- Because of supposed budget cuts, one episode of The Burkiss Way starts in "a tea lady reading out the script, only", complete with stage directions and page numbering being read out.
- I'm Sorry I Haven't a Clue: The host Humphrey Lyttleton, playing into the gag that he hates his own show, occasionally leans on this in continuity bits.
Teams, I'll be giving you two songs and you'll have to sing the first one to the tune of the latter. Not to mention the piano accompaniment of Colin Sell. ...Oh wait, I wasn't supposed to read that last sentence.
- Sunday in the Park with George:
Marie: George begins to activate the Chromolume machine as...
George: Don't read that part, Grandmother.
- Ellen Terry does this in the play The Actor's Nightmare.
- Enter Laughing is named after an occurrence of this trope where the protagonist, a novice actor, reads the stage direction "Enter Laughing" in his first rehearsal.
- Annie does this in the radio station scene, where Warbucks accidentally reads "drop page" when going to the next page.
- In The Woman in Black, the old man is reading his part, where he plays his boss' secretary:
Man: How do you do today? He sniffs.
- In A Midsummer Night's Dream while rehearsing the Show Within a Show Francis Flute does this, leading to an angry outburst from the director, Peter Quince.
- In Act IV, Scene 2 of As You Like It, there is a song that includes "The rest shall bear this burden." It's unclear whether this is part of the lyrics or a stage direction on the singing (i.e., "The rest of the cast on stage will sing the chorus") and professional troupes have performed it both ways.
- Dog-ear by Sam Nolting, has Scriptreader (a narrator) who reads some of the stage directions. At the end of the play, the protagonists discover her, and promptly steal her script.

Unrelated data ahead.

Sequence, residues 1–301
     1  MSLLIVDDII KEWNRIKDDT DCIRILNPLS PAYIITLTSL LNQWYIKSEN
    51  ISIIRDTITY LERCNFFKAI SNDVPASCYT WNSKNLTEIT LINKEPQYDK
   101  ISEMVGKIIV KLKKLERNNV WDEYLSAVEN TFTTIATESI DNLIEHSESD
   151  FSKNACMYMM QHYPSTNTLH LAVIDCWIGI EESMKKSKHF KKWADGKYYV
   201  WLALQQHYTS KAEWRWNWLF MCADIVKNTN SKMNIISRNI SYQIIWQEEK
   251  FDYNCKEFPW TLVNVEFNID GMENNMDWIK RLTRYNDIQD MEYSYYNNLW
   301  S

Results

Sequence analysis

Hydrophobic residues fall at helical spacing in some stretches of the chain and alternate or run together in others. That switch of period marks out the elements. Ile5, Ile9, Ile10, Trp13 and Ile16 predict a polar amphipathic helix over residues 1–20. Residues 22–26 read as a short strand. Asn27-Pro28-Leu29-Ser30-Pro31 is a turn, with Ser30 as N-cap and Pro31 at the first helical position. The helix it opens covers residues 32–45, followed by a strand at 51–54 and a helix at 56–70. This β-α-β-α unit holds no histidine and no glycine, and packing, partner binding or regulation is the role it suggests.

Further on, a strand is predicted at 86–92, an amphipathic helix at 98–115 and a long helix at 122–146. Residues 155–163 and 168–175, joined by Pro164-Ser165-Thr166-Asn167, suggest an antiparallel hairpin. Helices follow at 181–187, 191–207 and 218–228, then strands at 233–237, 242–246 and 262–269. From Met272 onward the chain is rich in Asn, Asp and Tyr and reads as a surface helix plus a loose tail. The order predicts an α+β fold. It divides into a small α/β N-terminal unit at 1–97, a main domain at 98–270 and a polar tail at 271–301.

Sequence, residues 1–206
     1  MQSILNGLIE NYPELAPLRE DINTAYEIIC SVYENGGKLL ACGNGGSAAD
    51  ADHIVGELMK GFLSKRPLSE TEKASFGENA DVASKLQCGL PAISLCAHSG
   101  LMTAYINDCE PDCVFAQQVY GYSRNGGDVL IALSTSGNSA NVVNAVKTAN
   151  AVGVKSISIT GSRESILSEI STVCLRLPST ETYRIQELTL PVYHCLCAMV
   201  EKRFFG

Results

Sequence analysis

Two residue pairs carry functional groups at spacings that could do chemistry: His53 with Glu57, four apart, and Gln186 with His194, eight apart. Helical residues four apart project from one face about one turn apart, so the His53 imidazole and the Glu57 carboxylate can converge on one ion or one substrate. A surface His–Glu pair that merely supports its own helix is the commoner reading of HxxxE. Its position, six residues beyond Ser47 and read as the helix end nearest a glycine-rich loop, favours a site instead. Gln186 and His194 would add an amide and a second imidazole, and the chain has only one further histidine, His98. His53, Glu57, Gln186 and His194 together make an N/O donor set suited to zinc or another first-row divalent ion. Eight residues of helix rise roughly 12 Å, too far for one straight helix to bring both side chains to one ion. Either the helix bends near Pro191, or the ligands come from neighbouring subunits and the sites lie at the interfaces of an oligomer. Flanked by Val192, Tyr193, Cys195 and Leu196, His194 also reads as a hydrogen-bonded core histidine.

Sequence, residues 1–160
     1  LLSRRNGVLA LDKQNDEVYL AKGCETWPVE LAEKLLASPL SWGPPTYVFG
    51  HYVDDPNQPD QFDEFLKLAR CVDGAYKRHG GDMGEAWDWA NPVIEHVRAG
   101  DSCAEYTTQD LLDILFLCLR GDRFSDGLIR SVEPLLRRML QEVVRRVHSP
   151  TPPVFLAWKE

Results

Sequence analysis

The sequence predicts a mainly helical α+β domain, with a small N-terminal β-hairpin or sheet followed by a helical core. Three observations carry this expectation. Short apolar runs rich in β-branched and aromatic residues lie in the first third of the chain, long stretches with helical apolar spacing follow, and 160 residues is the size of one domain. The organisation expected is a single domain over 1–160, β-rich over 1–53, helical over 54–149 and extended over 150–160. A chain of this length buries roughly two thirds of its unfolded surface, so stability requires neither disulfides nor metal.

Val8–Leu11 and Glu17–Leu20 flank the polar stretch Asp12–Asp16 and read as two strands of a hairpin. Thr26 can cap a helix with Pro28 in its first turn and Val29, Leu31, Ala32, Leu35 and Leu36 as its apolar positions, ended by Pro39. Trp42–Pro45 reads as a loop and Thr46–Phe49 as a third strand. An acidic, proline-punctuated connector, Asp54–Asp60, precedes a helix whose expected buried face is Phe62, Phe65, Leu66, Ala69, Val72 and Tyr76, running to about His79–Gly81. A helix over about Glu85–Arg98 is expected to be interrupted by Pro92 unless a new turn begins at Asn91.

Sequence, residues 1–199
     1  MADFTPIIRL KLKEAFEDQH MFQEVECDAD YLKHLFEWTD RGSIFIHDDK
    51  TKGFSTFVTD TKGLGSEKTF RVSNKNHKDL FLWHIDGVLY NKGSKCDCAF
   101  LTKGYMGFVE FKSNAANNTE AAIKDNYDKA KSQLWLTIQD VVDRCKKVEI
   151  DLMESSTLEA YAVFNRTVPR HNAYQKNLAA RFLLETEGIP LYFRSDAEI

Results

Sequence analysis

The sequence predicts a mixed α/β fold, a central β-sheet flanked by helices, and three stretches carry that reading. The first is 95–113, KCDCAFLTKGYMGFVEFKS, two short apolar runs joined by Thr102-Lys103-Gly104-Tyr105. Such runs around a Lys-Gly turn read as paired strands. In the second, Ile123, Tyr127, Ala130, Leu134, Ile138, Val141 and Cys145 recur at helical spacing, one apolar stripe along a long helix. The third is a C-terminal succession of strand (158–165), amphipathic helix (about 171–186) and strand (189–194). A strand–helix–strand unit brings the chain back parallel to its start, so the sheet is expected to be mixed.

- In Pippin, Charlemagne's first line, "This part is to be portrayed by an actor of enormous power," sounds more like a casting note than dialogue. Then again, the show has No Fourth Wall.
- Guys and Dolls: Not a stage direction but Adelaide manages something similar when singing from a medical journal in "Adelaide's Lament" (in some productions; the spoken part is ad-libbed):
(spoken) It says here:
The female remaining single,
Just in the legal sense,
Shows a neurotic tendency. See Note.
(spoken) Tendency see note?
Oh, "see note!"
- Partially justified in Moby Dick - Rehearsed, as the play is meant to be, well, a rehearsal of a stage production of Moby-Dick. As a result, the Stage Manager reads some of the stage directions out loud to illustrate the setting to the "cast" (and audience). It doesn't stop there, though... the pompous Actor-Manager who quotes King Lear as he arrives can't help but speak the stage directions as well.
- There's a Spanish comedy play (can't remember title, sorry) in which a sergeant is dictating a letter, complete with commas and points, to his aunt Veva to a soldier sat in a desk with a bottle and a tray with cakes for her. If you know Spanish you can guess how it endsnote .